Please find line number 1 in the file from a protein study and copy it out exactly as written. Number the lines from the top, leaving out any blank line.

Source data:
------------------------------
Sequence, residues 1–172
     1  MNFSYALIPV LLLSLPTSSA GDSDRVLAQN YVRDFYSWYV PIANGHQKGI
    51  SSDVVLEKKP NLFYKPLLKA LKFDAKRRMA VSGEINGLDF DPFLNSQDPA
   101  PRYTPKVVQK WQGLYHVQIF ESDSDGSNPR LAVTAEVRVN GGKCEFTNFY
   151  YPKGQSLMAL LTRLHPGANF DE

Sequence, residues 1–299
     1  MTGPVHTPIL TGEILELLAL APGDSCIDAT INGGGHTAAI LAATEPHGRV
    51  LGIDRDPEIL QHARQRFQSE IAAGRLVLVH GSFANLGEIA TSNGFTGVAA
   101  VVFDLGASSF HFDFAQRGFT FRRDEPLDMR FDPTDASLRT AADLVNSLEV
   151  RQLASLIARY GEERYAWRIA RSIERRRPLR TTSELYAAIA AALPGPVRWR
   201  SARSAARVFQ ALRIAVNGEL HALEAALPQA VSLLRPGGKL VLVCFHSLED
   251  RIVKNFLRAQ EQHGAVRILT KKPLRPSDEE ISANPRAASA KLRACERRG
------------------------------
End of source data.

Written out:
Sequence, residues 1–172